Newspaper of Bedford Gazette, June 22, 1855, Page 1

Newspaper of Bedford Gazette dated June 22, 1855 Page 1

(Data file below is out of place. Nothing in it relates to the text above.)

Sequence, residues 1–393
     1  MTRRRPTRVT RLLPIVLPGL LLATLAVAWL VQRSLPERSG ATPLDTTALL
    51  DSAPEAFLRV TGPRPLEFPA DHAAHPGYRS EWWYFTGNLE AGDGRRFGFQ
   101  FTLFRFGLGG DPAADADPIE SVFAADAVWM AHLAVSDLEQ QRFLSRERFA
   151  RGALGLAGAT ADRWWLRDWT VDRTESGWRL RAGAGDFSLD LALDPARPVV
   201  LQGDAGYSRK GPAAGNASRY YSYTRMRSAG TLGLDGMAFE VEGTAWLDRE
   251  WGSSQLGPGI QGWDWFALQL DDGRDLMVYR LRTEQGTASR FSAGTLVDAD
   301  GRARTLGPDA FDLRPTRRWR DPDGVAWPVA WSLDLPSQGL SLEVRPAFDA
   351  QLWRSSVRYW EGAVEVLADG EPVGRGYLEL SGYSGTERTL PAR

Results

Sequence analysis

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in <EO. w. B(m nA\. NEW SERIES. Select }3octrti. The World would be the better for it. IF men cared less for wealth and famp, And less lor battle-fields and glory; If, writ in human hearts, a name Seemed better than in song and story; If men, instead of nursing pride. Would team to hate it and abhor it; If more relied On love to guide. The world would be the better for it. If men dealt less in stocks and lands, And more in bonds and deeds fraternal: If love's work had more willing hands To link this world to the supernal; If men stored up Love's oil and wine, Vudoii the bruised human heaits would pour it; If "yours''and "mine"' Would once combine, The world would be the better tor it. ft" more would ACT the play of T.ife, And fewer spoil !Mn rehearsal ; if bigotry would sheath its knite 'Till good became more universal; Jl Custom, gray with ages grown. Had fewer blind men to adore it; If talent shone 1 n Truth, alone, The world would be the better for it. If men were wise in little thing Affecting less in all their dealings; If hearts had fewer rusted strings To isolate their kindly feelings If men. when Wrong beats down the Right, Would strike together and restore it; If Right made Might In every tight, The world would be the tietter for it. THE BEDFORD IMZETTET ilcdfurd. June -j'i, J From the Augusta Constitutionalist and Republican. I.arg? and Enthusiastic Meeting! Speeches of Messrs, Stephens, Toombs, and Thomas. An immense concourse of our citizens assem bled on M mTiy evening at the city Hall to hear an address from (tie Hon. A. H. Stephens.— Notwithstanding the shortness ol the notice— it being aiaiouflcedonty on that dav, by placards at pi;: he places, there being no papers issued .Monday morning, thai Mr. Stephens would ad dress hid .fellow-citizens—the people turned out n mutse to hear their distinguished and palii otic representative. Tlie hall was crowded to • ■MilfiCdlion,and hundreds were standing outside, unable t-j get in, and clamorous for Mr. Sle ekens oome out on the steps. This being Might s'-kI to the speaker shortly alter he opened iis addres-. Mr. Stephens -aid lie would acqui -1 *cecheerfuliy in the general wish, and pru < "eded to the northern |>ortalof the hall. Here •our citizens, to the number of two thousand, were compelled to stand on the damp ground for want of a suitable platform. Ms. Stephens commenced remarks by ex pressing his regret at being compelled to speak •in the dark, for it was alw ays his pleasure when he spike to look tile people l!) the eye. He said that he had travelled over more than half the State m order to meet the people ol Augus ta to-night. Nnce his communication to Mr. Thomas had 'een published, it had been said that the reason ' I his retirement from the canvass in this dis trict was his fear of being beat n. For himself h- was afraid of nothing—ol nothing under nor •a. the earth—hut to do wrong. Of that he was afraid ; but of being beaten, lie wouldn't give a fig fur a man who was not willing to be ' eaten in defence of what he believed to be right. He bad come there, then, fie sail', in respmse to various calls, to announce that lie was again a candidate lor Congress from this district. Nominated said be, not by any fvvo tliini- rule, but here upon this stand I nominate my-elf |( jr Congress from the Sill congressional district. .Mr. Stephens was here interrupted bv a deep and enthusiastic shout of approbation fiom the '.treat crowd he was addressing. He continued, -■at tins know-nothing order had been creat"d, 'i vva.- said, fur the purpose of putting down '■enr.agogues, small men, and tricksters. For •' imself he was no trickster. Tricksters never "uk in open day. They skulk in hiding pja ' *'s, and he warned the people to bevvareof '•ad'-rs who resorted to the dark in order to con coct their schemes. it had been said by some who had conunent •d upoa his letter, but none of whom had the ; '.uiess to come out, by those who were shoot ;• - ai ' ilm in the dark, that David and his - ad ••"rents firmed a secret organization, and that u.i"!-! Adams and others formed a secret clique • ■ t:ie purpose of striking a blow lor American ■'v. Ibis object, said he, was revolution, -• 1 tae object o! the know-nothings was revo ■ "'n. It is to overthrow the constitution of co,ln try :to create a religious test, when the ' > ->titution said that there should be no reli ct test. The know-nothings knew that their ct .vas revolution : they knew that they had '••ken an oath not to support any Catholic for • I hey might deny it, and explain away '.enial by some casuistical, slippery, know construction, but ther** was a monitor u *thin which told them they had taken it. Mr. Stephens continued for somp time in an * i 'lent strain on the sublimity of truth, the -••Wation of all honor and integrity among i nf n- a want of which, as bad as the know j""j l! charged the Catholics to he, could not ! I erred against them; and then introduced I a beautiful passage of sacred history : ]t was after Judas had betrayed Christ with a kiss, and I'- ter denied him thrice, that our Lord asked, "•what is truth ?" He called upon all know nothings, hut especially all ministers of the Gospel who might havejoined the order, to re pent in sackcloth and ashes, and to go about and preach from the pulpit on that text, "what ! is truth !" He here eloquently appealed to know-noth ings to burst assunder these oaths, w inch hound them down a> with cords, and abandon this spirit of prevarication which they had adopted tor ; the purpose of violating the constitution of the J country! He {toured forth glowing, pat riot ic, and forcible appeals in behalf of the principles j laid down in his late letter against know-noth ! ingisrn. He depicted, in masterly style, the corrupting and disastrous influences to result to ! society from the deceitful, equivocating, and fraudulent practices of know-iiothingissr.—the anti-American, anti-republican, arid unmanly l character of its secret organization—the danger ' to liberty, to the peace of communities, am] to social order, of secret political conclaves plot ting in the darkness of midnight (or the advance ment ot fin rposes not disclosed to the public i they sought to govern, and w hose rights they I aimed to contiol and dispose ot in this clandes ! tine mode. He held that such conduct was I unworthy of men and freemen who held priu : ciples worthy of success. Truth never skulked from the light ofdav and hid itselt in dark cornets, afraid of discus sion and investigation. It was the characteris tic of error and of falsehood thus to hide, and j there to work out their purposes. Truth was i the foundation stone of civil order the verv life and essence of all social integrity. Vet j know-uothingism bowed to a spell and ari influ ence more potent than truth, and reconciled the | consciences of men to resort to equivocation ; and slippery construction to deceive the public. | Hut there was a monitor from on high in the j breast of every honest man that must at times whisper to him that this was wrong. Kiiovv-nothingisnn bound its votaries under tlie third degree of its ritual by a solemn oath lo maintain the I nion at all hazards, against all efforts of factiunists and of secessionists. Hut i it nowhere bound its members to maintain the constitution : yet that constitution w as the verv life and soul ot the Union. It could only have 1 i been made by it, and through it, and tlie prin ciples it consecrates. Without it, the consti tution would be valueless, or worse than value- I here was the abolitionism of this order in i disguise. He called on southern men to notice it. He, Mr. Stephens, stood upon the Georgia platform. Should Kansas he rejected on account j of jiave'rv, tie was for resistance. Send him to Congress, and he would resist it there ;*jf un successful, he would return to the people and tell them to resist it. It had been said that the foreigners who came , to this country joined the abolitionists in their ! crusades upon our lights. It was not so: he knew it was not so. The foreigners who came here came with a reverence for the constitu tion. Where did these foreigners most IV settle? In the Northwest. And from the Northwest; came the best friends of the South—from Indi ana, Illinois, and lowa : the last the only free State which had never bowed to abolitionism, j and now lor the first time to he represented by I a free-soiler, when knaw-nothingism had sprung into existence. Know-nothings take an rath that they will support no Roman Catholic for office. This was striking at one of the fundamental princi ples of the constitution, which declares there shall hi' no religions test as a qualification for office. He, therefore, who took that oath took an oath inconsistent with the support ol the constitution. It was an oath iri violation of the letter and spirit of that sacred instrument. Upon the exclusion office and disfran chisement of foreign-horn citizens, the orator was no less emphatic and forcible in his denun ciation of this feature of know-iiolhingism. — Upon the social evils, the injustice, the disastrous consequences, threatening strifes and bloodshed and civil war, of making men aliens at heart to a government which thus made war upon their religion, and set them apart on account of their nativity as a degraded class, Ihe speaker was eloquent and convincing, and the repeated plau dits which greeti'd him from the beginning to the close of his address, rising op from the whole mass, and from every side of this dense assem blage, wrapt in eager and earnest attention, proved how thoroughly he had enlisted the feelings and convinced the judgment of his audi tors. We could scarcely realize in such dem onstrations that there were, in all probability, hundreds of know-nothings among them. ##*# # * * He paid a just and eloquent tribute to those true men of tin* North who had so long arid pa triotically stood by the South in her struggles with abolitionism. He pointed out who it was that had voted in Congress with the southern delegation to spare the South from the Wilrnot proviso, that badge of inferiority and depreda tion with which she was threatened ; that had relieved her from the Missouri Compromise re striction and opened Kansas to the influx of her citizens, and aided her in the enactment of the fugitive-slave law. He referred by name to the noble exertions of Douglas and Richardson, of Illinois, to protect the Constitution and the rights of the South under it, and who had sat up with him two days and two nights, with out rest, to secure the passage of the Kansas bill. He stated that these are the men at the North that northern know-nothings were endeavoring to beat down ; that of all the northern men elect ed to Congress since the passage of that bill there was not one know-nothing who had voted for the measure—not one who was not hostile to it: that of the forty-one northren men who had voted for it twenty had been defeated on account of that vote, and that the twenty-one that were left were the friends of the South : 3 | 'hat it was our duty to stand by, to encourage, I ; and to cheer them. The danger to our rights 5 i was not at the North, if we would be firm to - : our friends there, and true to ourselves. We had friends in every northren State—patriotic - | and true men, who would stand by us if we t would stand hv ourselves, and be true to ourown t ; principles. There were true men even in Mas i sachusetts. There w ere one-hundred guns fil ed ! on Boston Common when the governor recently I vetoed the hill to remove Judge Loring from t i office lor issuing a warrant to restore a fugitive i J slave to his owner. But there was not a know ' nothing gun among them. They were tired by , j the true men of that Slate, who still felt the spirit rf 7(i that blazed on Bunker Hill. There were true men national men—in New Hamp shire, in Connecticut, in New York, in* lowa, 1 many in Illinois: and that our policy was not ' to join tlm- know-nothings, who were lighting these men, but to stand by our friends there, and soon they would rally again, and gain strength. ; !• rom tw e;;ty-one they would sw ell up to thirty, 1 to forty, to fitly, to one hundred in Congress. •| I hey would stand by us and our lights,and with ussave the Constitution and save (he country. .Mr. Stephens beautifully compared the en trance of this order from the North into tlie I South to the entrance ol Satan in the form of the subtle serpent into the garden of Eden, with ; a lie in his mouth, calling on Eve to eat of the fruit, tor in that dav she should not surely die. He concluded amid great cheering. • j Mr. Toombs was then called tor, and tcspon ■ | deft in a most eloquent and impressive speech. and in his happiest manner. He fully coincided in Mr. Stephens's sentiments, arid uttered a : splendid eulogiorn upon the principles of Amer ican liberty, civil and religions—upon the noble (attire of religious tolerance which chaiacter i/.es ojir institutions, and the \\ i>e polity of inviting to our short s fort ign e migration. We regret our space will not enable us this morning to give a sketch of his very interesting speech. Air. Thomas, of Elbert, responded to loud calls j for him in a few appropriate remarks, which I Were well received : after which the meeting j dispersed in high spirits, and in good order. "AMERICANS RULING AMERICA!*' Liquor I.iot ant' Bloodshed in I'ortSartd. An extraordinary excitement,growing out of the proceedings ot the Mayor of Portland, (Seal 1 Dow.) in purchasing liquor for the City Agency, under the new law, occurred at Portland on Saturday evening, ending in tumult and the ! shedding of blood. We give below the partic soars cfYlTe'aTT.iir,''as"d"fintaln*^' i" tfrt? Pvrttnnd Anrus of' Monday morning : It will ?>•-* remembered that on Saturday morn inr we called the attention of the City Marshal I ami I fie* police to the fact that a large quant it v of spirituous liquors hart been pmchas-il in New York and brought h**re iiir sale, and suggested to them the duty of seizing them. These liquors. Si GOO worth, Mr. \eal Du\\ had state! 1 , to one jof the Aldermen In* had bought on his own : individual responsibility, and had ordered them to he brought In re and stored in the city. This j being apparently indirect violation of law, mak- I ing Mr. Dow liable to the penalty, on convic- I tion, of imprisonment for thiitv days, and ren j dering the liquors subject to seizure and des ' (ruction, a complaint was accordingly wade to ; the Police Court, and Judge Carter issued hi -1 warrant fi r the seizure of the liquors : but I.eth er for the arrest of Mr. Dow we have not learn ed. Judge fatter, however, instead ofgiviw his warrant to an officer, who was ready to make immediate service, put it in the hands of Depotv Marshal Ring, who tor some cause im mediately disappeared and could not be found Meantime the Foard of Aldermen were sud denly summoned to meet for the purpose, it w as alleged, of effecting a transfer of the liqm is to the city, fiir its a gene v. which was establish ed on last Thursday night, by the casting vote of Mr. Dow, though the liquors were purchased some weeks since. After the Aldermen had been together a while. Deputy Ring appeared and seized the liquors upon the warrant. Quite a little crowd stood about the floor where the liquors were stored, and in the v icin ity, during the remainder of the afternoon, hut perfect quiet and apparent good nature was observed. Soon after 7 o'clock a crowd began to collect about the deposit of the liquors in the City Hall building, and gradually increased until a little after 9 o'clock, when a cry of fire was raised, as we understand, hv Mr. Dow "s orders, and the hell rung with a view of diver ting the crowd from the-pot. It had, however, a contrary effect, and greativ increased it, for a time, as the engine companies were brought front both extremes of the citv to the centre in Market square, where the crowd was assem bled. They, however, soon withdrew, and the crowd began to diminish. Occasionally during the evening, stones and j brick-bats were thrown against the door of (lie | liquor store, breaking the glass and sashes, and i otherwise injuring the door. This was done, so far as we could see, bv hoys. The whole atiiiir was the merest boys' play, done in the most ap parent good nature, and with the hast possible excitement. Indeed, nearly the whole crowd seemed to he there without other purpose than curiosity to see what might he done, and those who threw the missiles were without leaders, or apparent power to do harm. It is our decided opinion—and we have not met an intelligent person who witnessed the proceedings ol the evening that does not concur with us—that an efficient police officer, with a dozen good men, could have easily dispersed the crowd any time prior to o'clock. Soon after 10 o'clock, the crowd had materially diminish ed, arid seemed rapidly dispersing, when Mr. Dow, accompanied by Capt. Green and a part of the Light Guard, appeared upon the sidewalk on the north side of the City Hall. The crowd were warned to disperse. His appearance, sword Freedom of Thmglit and Opinion. BEDFORD, PA. FRIDAJj MORNING, JUNE 2-2, 1855. , 1 b hand, with soldiers, at once changed the ; proper of the multitude. They rallied around i (vein and gave groans and hisses prior to the jroclaanition to disperse. Mr. Dow then gave the order : "First section, f!re." The ord-r was not obeyed, and the trowel then threw missiles. A part of the com pjny started to escort Mr. Dow toward Middle steel, and the remainder immediately returned fo their..Armory in the third story of theOty tall building. At the time Mr. Dow gave tlie cinder to fire, (Capt Green refused to give it, as ve understand, on the ground that he did not stink the circumstances authorized it,) the com pttjy were standing directly opposite the en t " iice to t4ie hat! o! the Mechanics' Association ill Clqpp's block, and their fife would have ta ken effect, if at all, upon the people on the sidewalk, a part of whom were mechanics just owning from their hall, and vvlio were entirely Unconscious that any sucti proceeding was called for or contemplated. After Capt. Green's Company had retired, the brick-bats flew thicker and stronger, and the police, who were aiding the Deputy Mar sha! who had seized the liquors to guani them, commenced firing pistols charged only with powder. A sort of sham-fight was thus kept up between the crowd, which l.aii now become ttiore determined in its character, and the police, until about 1 1 o'clock, when Mr. Dow, with a portion of the Rifle Guards, under Capt. Charles IV. Roberts, descended from the Light Guard's armoiy, and with the muskets of the Light Guards, to the south side ot the Cilv Hall. The doors ol the liquor store were then thrown open, and the firing commenced, hv Mr. Dow's order, through the store upon the ctowd in the street upon the other side of the building. One man, George Bobbins, second n ate of ftie bark Louisa Eaton, was shot through the Jhody and almost instantly killed. Seven others were wounded, some ot them mortally ! It would be impossible to describe the sensation produced in the crowd by this conduct. The dead and wounded were oui*tlv carried away to places of safety, and the people quickly dis persed. But it must be born" in mind, that up to the time when these shots were fired no ar rests were made; there had been no attempt lo disperse the crowd, and the assemblage w ere entirely ignorant of the fact that soldiers were within the building with orders to fire. Such are briefly the facts in regard to thb ineiancholv affair, as nearly as we can get to them. The whole it.alter will undergo a search ing legal investigation, and then the public will have all the facts and be able to form an accu rate judgment in the premises. As to tiie principal causes which produced ' - on he i.uv residi. :.Uery,.(.a.ii 'y' b.uUupe opin ion. i'lie course which Air. Dow lias ptrhUm! in the execution of the new liquor law : ruth lessly searching private dwellings, and packages coining by steamboat or express, and disregard in<r what have ever heretofore been regarded as tile sacred rich's of citizens, has done much to irritate and excite hostile feeling against him and his officers. They have seized liquor wher ever Ihev could find it, without warrant, and have treated it, and its owners, as if the article was entirely outlawed : as if the formalities of law were of little importance in disposing of' it. The spirit manifested on the pait of the author ities, has produced a deep seated bitterness in the community. To add to this, Mr. Dow asked of the city government, at its last meeting, an ap propriation of two thousand dollars to pav in formers under the law, and the aldermen voted it. The common council laid the order on the table f>r the time, hut a-- there is a large major ity of Mr. Dow's satellites in that body, it was presumed he would drive them into voting this appropriation for pimps and spies, and thus add another aggravation t<> his already odious man ner of executing the law. Then came the development in regard to the wholesale purchase of liquor by Mr. Dow, and the attempt of the aldermen on Saturday to cloak t!:e transaction alter the warrant had been obtained for its seizure, and before it w as served. The impression was pretty strong that the law was thus to be cheated, and that both Mr. Dow and the liquors were bv unfair means to escape the penalty meted out by him with a high hand in other cases. There was a pretty strong current of feeling that no great moral or legal wrong would be done !>v letting Mr. Dow's liquor into the gut ter. Whatever of violence there was exhibited on the part of the crowd was directed wholly against this liquor. The desire for the destruc tion of liquor seemed to have become ail epidemic. The position of parties, however, was singularly reversed : the people wished to destroy, and the police, with Mr. Dow at their head, were defen ding it. We do not believe, however, if Mr. Dow and the military had kept away, that any serious hairn would have been done. But the presence of Mr. Dow, brandishing his sword, and accompanied bv soldiers, exasperated the crowd to make a more violent attack upon the stoie. The loss of the liquor would have been of little consequeneecompared with human life, w Inch we confess, it seems to us, w as most wan tonly sacrificed in this case. The Portland .Advertiser —formerly a Whig paper, and edited bv Henry Gaiter, who is now Police Justice as a reward for his advocacy of Know-Nothing and abolition-temperance fusion —contains a long, Jesuitical account of the above affair, endeavoring to,cast all the blame upon the Irish, and praising the conduct of the mayor, policemen and sheriff as "prompt,"' "fearless,"' "judicious," "noble," and "brave." The Ad vertiser STWS Mr. Dow had purchased the liquors in New York, in the original packages, legally, as one of the committee appointed by the board of aldermen. It also states that Dow and Al derman Carleton and Brooks, the other members of the committee, "put thems<-I ves at the head of the Rifle Guard" for the purpose of defen ding the liquors so purchased "for the use and benefit of the city." [From the Marion (Miss.) Republican, May 28.] Hunting a .\cjrro al the Slake iu Mississippi. The Scene Witnessed by three Thousand Citi zens and txco Thousand Slaves. Some time since we published an account of the murder of Miss Thornton, an interesting young girl, residing near Gaston, Alabama.— Immediately alter the murder and detection ol the negro, his immediate punishment was seri ously contemplated by the people of Sumpter county, but after mature delibeiation the law abiding citizens delivered him into the custody of the proper officers, and he was committed to prison. At the lute term of the Circuit Court of Sump ter county, the attorney appointed by the Court in the discharge of his duty, moved for a change of venue to Green county. The Judge, as the motion was sustained by the proper affidavit, sustained the application. On Wednesday last the citizen? of South Surnpter assembled en masse at Mr. William McOlroy's and unanimously passed a series of; resolutions, reflecting seriously upon the con-I duct of the Judge, and alter ha\ing seriously; pledged themselves to sustain each other, a por- j tion of them proceeded to Livingston, and took the miserable criminal by force from the jail • where he was confined. On Friday last, alter due prepaiation, they carried him to the spot where he so cruelly ] murdered his innocent victim, and burnt him j alive at the stake. About three thousand persons'-were present, who witnessed, with various emotions, the; dreadful spectacle. We were present, but hope that we w ill never again witness a scene like it. The pvre was composed of several j cords of light wood, in the centre of which was ■ a green willow stake, selected in consequence 1 of its indestructibility by tire. On the top of the pile of light wood the erim- j inn! was placed, and securely chained to the j stake. While in this situation he confessed his guilt, stating that Im had no accomplice—that j he was actuated hv lust alone—that he had at tempted to violate her person, but had failed, , and to conceal the attempt had cruelly murder-j ed her, by beating the poor innocent creature < with a slump; that while he was doing this she : implored him to carry her home to lor father, i and that she would conceal the violence he had ! indicted. He then left, but soon returned, and after again heating her, lie concealed the body in the verv hoie where the stake was planted to which he suffered. After this confession w-as made the match was applied, and in a few moments the devour ing (hones w ere enveloping thi doomed negro : j Ins featfu! cries resoundrd through trm air,Whilei the surrounding negroes who witnessed his' dreadful agony and horrible contortions sent up ari in voluntary howl of horrnr. His sufferings, though escrutiating, were short: and in a few moments the flames had enveloped him entire ly, revealing now and then as he fit fully sway ed, hither and thither, his black and burning carcass, like a demon of the fire, grinning os if in hellish triumph at his tormentors. Soon all w as over, nothing was left but the burning flesh and charred skeleton of this human devil, who could thus deliberately perpetrate so foul a crime. The horrid outrage was fearfully aveng-! Ed, and though the heavens were reeking u ith j the stench ol burning flesh, vet justice was sat isfied ; the law of retaliation was inflicted as nearly as it could be, while the example made of this wretch had, no doubt, a salutary effect upon the two thousand slaves who witnessed | his execution. We are far from approving of the infliction ot mob law, vet in aggravated cases like this, popular rebellion will manifest itself, and in view of the enormity of" the wretch's offence, we, as a public journalist, cannot approve, vet we have neither time nor inclination to censure the conduct (d the people of South Sumpter.— Justice was indicted by them, and a thousand deaths of the kind were too good for negro Dave. A RUSSIAN HPKOINK.— The following is rela ted in a letter from Jxamiesh, in the Crimea : For some days past nothing has been talked of tint t tie arrest of a vnur.g Russian woman: she had been remarked several times before as her favorite walk appeared to be in the trendi es. The rumor, circulated tor some time, and the General at last was informed of the fact.— He ordered a stricter watch to be kept as he thought it could be only a spy disguised in wo man's attire. At (> o'clock in the morning of the 28th the same woman presented herself in front of our men while they were at work.— She was of tall and majestic stature, and seem ed to examine the works with much attention. Some one perceived that she had a roll of paper half open, in which probably she noted all the observations she could collect. At the sight of our soldiers and officers she quickened her pace and entered a sort of ravine which is at the ex tremity of tiie French trenches. As soon as she reached that spot she began to run, [nit the commandant sent two Zouaves in pursuit and they soon overlook her. Two hours after she was conducted to (Jen. Canrob ert. Her examination was not long : she con stantly replied that it was for the good of her country, arid to avenge the death of her hus band, Boninoff, killed at Alma, that she acted thus, and moreover, that she felt no regret.— She was then searched. The searchers found in one of her pockets a paper book, containing several details on the stale of our batteries, the number of men en ployed, the number of guns ,in the batteries, &c., and in another pocket a double barrelled pistol, and a letter addressed to Prince Menschikoff. After the visit, she was shut up in an apartmant of the General's headquarters, under the guard of two soldiers, until such time as she can be sent to Malta. Tr.nMF.M>ocs POWER or Alß. —The tornado that recently passed over Lapeer County, Mich- TERiWS, S3 PER YEAR. VOL XXIII, NO. 45. ignn, was the most violent ever experienced in that State. The damage to houses, 'hams, fen ces and forests is veiy great. The heaviest loss w ill be the destruction of the valuable pine and other timber in its course. So great was the force of the whirlwind that nothing couid with stand it. The giants of the forest which have withstood the storms of a hundred years, were wrenched from their firm roots and tossed abont like straws. Even stumps (irndv embedded in in mother earth, were torn up and carried many rods. Old logs which had lain 0:1 the ground for years, Were disturbed and torn from their resting-places. The air was litteraily filled with fence rails, limbs of trees, shingles, fee., which were lifted to an immense highl. The course of the whirlwind ivas in a nearly east direction, ranging from' twenty reds to half a mile in width, and making a clean sweep as it went. In some places even the culverts across the roads were torn up by the tornado, and the roads generally are filled tip with a promiscu ous assortment of timber arid rubbish of all kinds. An eye u itness says that the whirlwind presented a most singular appearance. He says the wind would rise in an immense whirl, draw ing up rai I>, limbs of trees, boards, leaves, dirt. See., to a great height, when suddenly it would seem to drop again to the earth and feed itself with a new supply of such things as were moveable and again rise, carrying up with it substances of great weight. Tm: SHERIFF AMI COFNTY COMMISSIONERS. Monday morning, a surelv of the peace case was called up in the Quarter Sessions, wherein Miss Charlotte Marili, daughter to the Sheriff, was prosecutrix, and Ahijah Ferguson, consta ble at the Court House, was defendant. Mr. Ferguson was appointed hv the C ommissioners to guard the premises belonging to the county, and was especially directed to keep persons otf the grass plots on either side of the jail building. Some tenor twelve days ago a notice was pos ted around the yard, warning persons to keep away from the grass. A day or two after the notices were put up, Miss Magill, a delicate young lady, \va> observed on the grass by Mr. Cooper, one of the Commissioners, who direct ed the constable to request her to stepolf.—Fer gus m did so, but she refused to comply, saying that the family had always used the property, and that she had a perfect right there. The of ficer caught hold of her arm and forced iier to leave, and it was alleged that he handled her so roughly that she was indisposed lor several davs. The question then arose as to who had the right to occupy the propeity. The SheritF claimed that it belonged to him so long as he remained in otiice, and the Commissioners held that they were the rightful owner?, in the name of the counfv. The matter was argued by-Col onels Black and MCandiess for the prosecutrix, and by .Mr. Sewell for the defendant. Nearly the entire forenoon was occupied with it, and it created considerable interest. Judge M'Clure, in delivering his opinion, ob served that the prosecution possessed more im portance than ordinary surety of the peace ca ses, as it embraced the Sheritt'and County Com missioners. The Commissioners, he said, have a right to take cognizance of all mischief done to county property, hut in this case they were mistaken. The Sheriff of Allegheny County is the highest officer in any county ot the State.— The jail is his domicii, and the grounds appur tenant thereto are part and parcel of the curti lage, on which he and his family can step at any time. No one can make him a prisoner in liis own domicii, and no Mayor or County Com missioner has any right to put him in a slate of siege of beleagurement in his own domicii. This young woman was no trespasser. Mr. Fergu son was appointed bv the Commissioners to sate the property .from waste, mischief and destruc tion. We have no blame for him. He did not seize her of his own w ill. One of the County Commissioners ordered him to do so. Here was a young, frail girl—daughter of the Sheriff—- whose footfall would scarcely bend the grass she treads upon, caught by the arm and dragged off the plot in a manner altogether unnecessary. She had a perfect right there. Tim defendant was sentenced to pay the costs, and enter into recognizance in $"200 to keep the peace for one vear.— Pitfs. Union. MEMORIES or CIULIIOOD.—The memories of childhood, the long far away days of boyhood, the mother's love and prayer, the ancient church and school-house, in all the green and hallow ed associations, come up in the dark hour of sin and sorrow, as well as in the joyous time like ttie passage of a pleasantly remembered dreain, and cast a ray of their own purity and sweetness over it. (CP*Lady Mary Duncan a rich heiress, arul Mr. William Duncan was her physician, durinir a severe illness. One dav she told him she I,ad made up her mind to set married, and upon his askitic: the name of the unfortunate chosen one. she bade him go home and open the Bible, giving him the chapter and verse, and he would find out. He did so and thus he read : "Nathan said to David, thou art the man." Obituary. Under the obituary head of the Frederick (Mil.) Citizen , we find the following notice of a somewhat notorious individual, who has just "stepped out Died, in Virginia, on Thursday the 21th of Mav, "SAM," aged about one year and six months. His funeral will take place at Rich mond, January Ist, 1556. His friends in (his county are invited to attend his funeral. The services will be performed by that eloquent champion of democracy, HENRY A. WISE, who has * -lect'-d the following Verse for his dis course : "For we are hut of yesterday, and know-noth ing, because our days upon earth are a shadow." —Job, Sth chapter and 9th verse.